david funchess

I think I might have tried to do a little bit extra that day on the piano.

janelle funchess

You know, after church, everybody kind of just speaks, and they say their hellos or their goodbyes.

david funchess

I just ran up.

janelle funchess

And I’m kind of awkward a little bit, so I was just like, hi.

david funchess

I said, hey, hey. Who is this? I think I did shake her hand. But —

janelle funchess

I was dating somebody at the time.

david funchess

She was in a relationship. I still asked, how do I get myself in?

janelle funchess

We both have a dry sense of humor. We both love, like, “The Office.” Like, we connected over, like, comedy.

david funchess

The one thing I do remember from that time was, this could possibly be my wife.

I was a person who was deeply into love, from a young age. I would look at love movies all the time.

janelle funchess

So Dave, doesn’t look like it, but one of his favorite movies is “A Walk to Remember,” with Mandy Moore.

david funchess

And I knew that there was something there that wasn’t just fairy tale. So I definitely said to myself, if it couldn’t be what I wanted, we’d definitely be friends.

janelle funchess

We would message each other. Like, we would — I guess it was flirting.

david funchess

We developed a rapport.

janelle funchess

You can’t tell when he’s serious sometimes and when he’s playing around.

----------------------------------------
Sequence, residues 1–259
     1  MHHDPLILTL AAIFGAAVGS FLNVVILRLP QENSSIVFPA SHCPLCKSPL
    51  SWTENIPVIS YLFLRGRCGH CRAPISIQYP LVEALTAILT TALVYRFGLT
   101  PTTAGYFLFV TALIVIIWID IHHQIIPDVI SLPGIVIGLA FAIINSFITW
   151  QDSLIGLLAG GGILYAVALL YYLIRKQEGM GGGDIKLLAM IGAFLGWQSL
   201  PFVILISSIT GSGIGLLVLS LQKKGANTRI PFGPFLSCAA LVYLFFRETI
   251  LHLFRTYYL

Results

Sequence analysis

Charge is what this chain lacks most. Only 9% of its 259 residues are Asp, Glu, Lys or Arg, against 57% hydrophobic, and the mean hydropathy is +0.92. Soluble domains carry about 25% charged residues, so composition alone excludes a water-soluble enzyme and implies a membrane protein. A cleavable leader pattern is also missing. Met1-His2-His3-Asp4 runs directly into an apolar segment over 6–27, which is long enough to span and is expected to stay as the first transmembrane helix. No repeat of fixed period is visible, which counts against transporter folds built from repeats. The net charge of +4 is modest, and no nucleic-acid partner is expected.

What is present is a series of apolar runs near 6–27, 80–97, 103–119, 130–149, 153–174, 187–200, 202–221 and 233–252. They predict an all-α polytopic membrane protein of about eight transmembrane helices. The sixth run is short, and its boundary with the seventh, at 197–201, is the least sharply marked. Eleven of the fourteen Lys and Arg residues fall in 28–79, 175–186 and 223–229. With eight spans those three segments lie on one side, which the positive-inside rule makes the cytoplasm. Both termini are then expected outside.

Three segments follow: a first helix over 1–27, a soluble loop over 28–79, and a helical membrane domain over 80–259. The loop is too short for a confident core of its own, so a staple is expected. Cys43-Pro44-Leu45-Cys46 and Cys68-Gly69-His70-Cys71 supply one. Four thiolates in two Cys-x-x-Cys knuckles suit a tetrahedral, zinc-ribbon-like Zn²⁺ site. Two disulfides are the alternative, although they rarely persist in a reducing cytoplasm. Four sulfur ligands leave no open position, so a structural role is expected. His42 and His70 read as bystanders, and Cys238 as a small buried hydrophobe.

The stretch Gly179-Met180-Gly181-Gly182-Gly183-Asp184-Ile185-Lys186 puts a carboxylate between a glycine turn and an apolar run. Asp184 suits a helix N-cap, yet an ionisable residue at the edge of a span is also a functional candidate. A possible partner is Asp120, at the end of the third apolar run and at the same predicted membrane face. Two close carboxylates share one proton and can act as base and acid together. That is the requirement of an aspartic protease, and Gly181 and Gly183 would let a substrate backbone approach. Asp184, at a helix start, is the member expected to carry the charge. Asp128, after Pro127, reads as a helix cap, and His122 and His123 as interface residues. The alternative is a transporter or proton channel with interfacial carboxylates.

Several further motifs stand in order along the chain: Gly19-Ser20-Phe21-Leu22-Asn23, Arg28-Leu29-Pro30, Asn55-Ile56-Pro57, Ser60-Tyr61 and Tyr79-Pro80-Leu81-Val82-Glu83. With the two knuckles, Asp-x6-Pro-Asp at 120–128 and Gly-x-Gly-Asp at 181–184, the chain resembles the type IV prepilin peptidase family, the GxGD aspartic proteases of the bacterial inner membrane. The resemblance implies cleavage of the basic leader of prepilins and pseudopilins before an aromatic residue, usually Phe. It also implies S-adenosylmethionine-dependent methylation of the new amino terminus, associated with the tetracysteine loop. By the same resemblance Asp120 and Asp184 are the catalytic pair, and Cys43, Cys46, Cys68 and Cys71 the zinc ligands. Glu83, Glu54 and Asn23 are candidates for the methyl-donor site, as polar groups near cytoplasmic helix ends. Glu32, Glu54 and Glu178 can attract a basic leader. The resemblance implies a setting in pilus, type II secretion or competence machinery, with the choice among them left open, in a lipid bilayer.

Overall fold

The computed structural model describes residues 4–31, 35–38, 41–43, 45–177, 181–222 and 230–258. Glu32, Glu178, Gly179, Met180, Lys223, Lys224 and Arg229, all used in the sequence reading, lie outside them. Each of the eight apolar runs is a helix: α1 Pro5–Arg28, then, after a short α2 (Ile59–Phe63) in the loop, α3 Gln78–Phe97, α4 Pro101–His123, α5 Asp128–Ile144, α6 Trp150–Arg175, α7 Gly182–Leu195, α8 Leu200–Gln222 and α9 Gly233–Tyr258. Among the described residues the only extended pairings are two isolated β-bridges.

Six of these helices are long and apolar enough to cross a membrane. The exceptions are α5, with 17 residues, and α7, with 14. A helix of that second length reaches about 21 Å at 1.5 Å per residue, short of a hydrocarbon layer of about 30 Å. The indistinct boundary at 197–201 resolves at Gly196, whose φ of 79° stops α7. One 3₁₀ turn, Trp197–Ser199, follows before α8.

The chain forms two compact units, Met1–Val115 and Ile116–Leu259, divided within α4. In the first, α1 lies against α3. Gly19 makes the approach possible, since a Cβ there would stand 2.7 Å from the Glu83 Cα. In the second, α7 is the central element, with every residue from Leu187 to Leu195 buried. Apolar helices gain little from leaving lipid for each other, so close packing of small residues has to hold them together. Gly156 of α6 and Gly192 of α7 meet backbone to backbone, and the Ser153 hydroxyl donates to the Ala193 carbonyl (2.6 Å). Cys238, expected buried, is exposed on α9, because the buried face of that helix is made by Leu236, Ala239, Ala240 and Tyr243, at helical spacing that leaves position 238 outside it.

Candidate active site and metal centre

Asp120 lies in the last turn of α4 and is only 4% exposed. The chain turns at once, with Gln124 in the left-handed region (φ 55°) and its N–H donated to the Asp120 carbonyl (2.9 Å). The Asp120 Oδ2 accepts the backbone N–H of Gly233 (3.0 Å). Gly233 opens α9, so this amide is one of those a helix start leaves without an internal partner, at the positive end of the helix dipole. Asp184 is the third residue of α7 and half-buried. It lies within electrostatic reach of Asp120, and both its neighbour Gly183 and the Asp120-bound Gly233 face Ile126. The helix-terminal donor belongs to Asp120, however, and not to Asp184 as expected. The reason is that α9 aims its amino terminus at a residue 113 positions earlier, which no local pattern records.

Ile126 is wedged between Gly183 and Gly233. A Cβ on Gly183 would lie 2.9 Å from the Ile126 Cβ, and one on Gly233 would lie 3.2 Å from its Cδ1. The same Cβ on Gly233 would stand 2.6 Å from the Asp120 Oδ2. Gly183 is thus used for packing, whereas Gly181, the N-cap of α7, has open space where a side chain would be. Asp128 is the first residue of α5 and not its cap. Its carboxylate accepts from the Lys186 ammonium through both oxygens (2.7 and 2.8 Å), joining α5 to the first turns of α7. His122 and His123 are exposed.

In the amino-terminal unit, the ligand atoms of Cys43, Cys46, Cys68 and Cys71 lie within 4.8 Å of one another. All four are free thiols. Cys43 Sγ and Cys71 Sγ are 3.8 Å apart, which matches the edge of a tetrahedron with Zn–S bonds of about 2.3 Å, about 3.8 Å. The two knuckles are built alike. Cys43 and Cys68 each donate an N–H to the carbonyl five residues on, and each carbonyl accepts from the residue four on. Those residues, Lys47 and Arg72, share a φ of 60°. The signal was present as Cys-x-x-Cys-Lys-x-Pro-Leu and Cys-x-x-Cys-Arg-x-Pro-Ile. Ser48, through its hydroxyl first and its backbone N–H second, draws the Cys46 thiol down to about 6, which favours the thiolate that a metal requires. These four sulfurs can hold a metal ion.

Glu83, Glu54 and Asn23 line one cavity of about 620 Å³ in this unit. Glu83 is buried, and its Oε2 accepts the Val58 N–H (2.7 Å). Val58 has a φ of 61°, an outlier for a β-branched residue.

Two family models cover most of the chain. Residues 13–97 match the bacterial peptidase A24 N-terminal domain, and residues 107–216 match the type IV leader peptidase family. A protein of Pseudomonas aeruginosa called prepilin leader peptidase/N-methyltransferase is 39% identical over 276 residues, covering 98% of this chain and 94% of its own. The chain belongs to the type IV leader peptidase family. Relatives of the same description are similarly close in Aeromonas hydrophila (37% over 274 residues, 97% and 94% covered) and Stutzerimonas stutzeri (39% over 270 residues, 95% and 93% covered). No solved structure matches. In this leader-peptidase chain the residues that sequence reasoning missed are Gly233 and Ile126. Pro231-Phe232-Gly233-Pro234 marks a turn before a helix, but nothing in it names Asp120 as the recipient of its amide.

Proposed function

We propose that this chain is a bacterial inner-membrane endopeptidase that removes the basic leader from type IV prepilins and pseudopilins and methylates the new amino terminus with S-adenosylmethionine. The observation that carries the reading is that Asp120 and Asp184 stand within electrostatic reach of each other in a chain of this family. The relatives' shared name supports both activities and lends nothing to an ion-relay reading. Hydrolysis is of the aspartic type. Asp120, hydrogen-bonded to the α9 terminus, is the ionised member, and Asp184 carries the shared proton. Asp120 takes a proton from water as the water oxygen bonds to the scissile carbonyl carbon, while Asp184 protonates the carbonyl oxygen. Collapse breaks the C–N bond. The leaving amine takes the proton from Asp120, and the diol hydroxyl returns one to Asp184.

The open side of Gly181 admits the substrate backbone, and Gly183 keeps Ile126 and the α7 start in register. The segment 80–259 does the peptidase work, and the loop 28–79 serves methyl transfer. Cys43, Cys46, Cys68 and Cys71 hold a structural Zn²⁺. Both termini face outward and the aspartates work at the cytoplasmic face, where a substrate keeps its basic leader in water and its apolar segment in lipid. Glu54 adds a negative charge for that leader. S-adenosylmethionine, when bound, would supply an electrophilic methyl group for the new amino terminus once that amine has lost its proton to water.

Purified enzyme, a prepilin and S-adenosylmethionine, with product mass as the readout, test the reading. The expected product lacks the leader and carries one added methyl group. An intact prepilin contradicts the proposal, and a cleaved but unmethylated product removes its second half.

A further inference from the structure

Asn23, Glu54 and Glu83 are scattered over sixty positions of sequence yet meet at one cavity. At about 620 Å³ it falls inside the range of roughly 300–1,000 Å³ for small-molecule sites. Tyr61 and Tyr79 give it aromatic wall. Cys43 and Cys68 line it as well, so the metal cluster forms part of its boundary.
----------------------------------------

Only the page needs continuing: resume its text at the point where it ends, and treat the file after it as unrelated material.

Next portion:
david funchess

And that lasted years. [CHUCKLES] Most of the times, it was me hitting her up, and she didn’t get back to it until weeks later.

janelle funchess

So I kind of kept him just as a friend.

david funchess

But that still was a constant. There’s something there, and I just kind of need to be patient.

2016, a musician friend of mine did a show in New York one day, and that night, he passed away.

It was such a shock to my community. It was very sad and almost traumatizing. However, it gave me a sense of grace, because I’m still here.

He’s not here anymore to accomplish certain things that he had, the goal that he had for himself. And for me to still be here, there’s some purpose for my life. And if I sit down, I won’t accomplish that.

And I first took it for my music, and I changed jobs around, so I could focus more on creating. But when it came to a partner, someone I could share my life with, this was the time where I said, now or never. And that initiated the courage that I had to make one last attempt.

And without thinking, all I said was, hey, so can I ask you a question? Can we go get some smoothies together?

janelle funchess

I think he asked me to go out for smoothies. I think that was, like, our first official date.

david funchess

She goes, sure. And I literally jumped out the chair of where I was and walked to the car. And I did something that I usually do by myself a lot, which is just drive around. So we just started driving.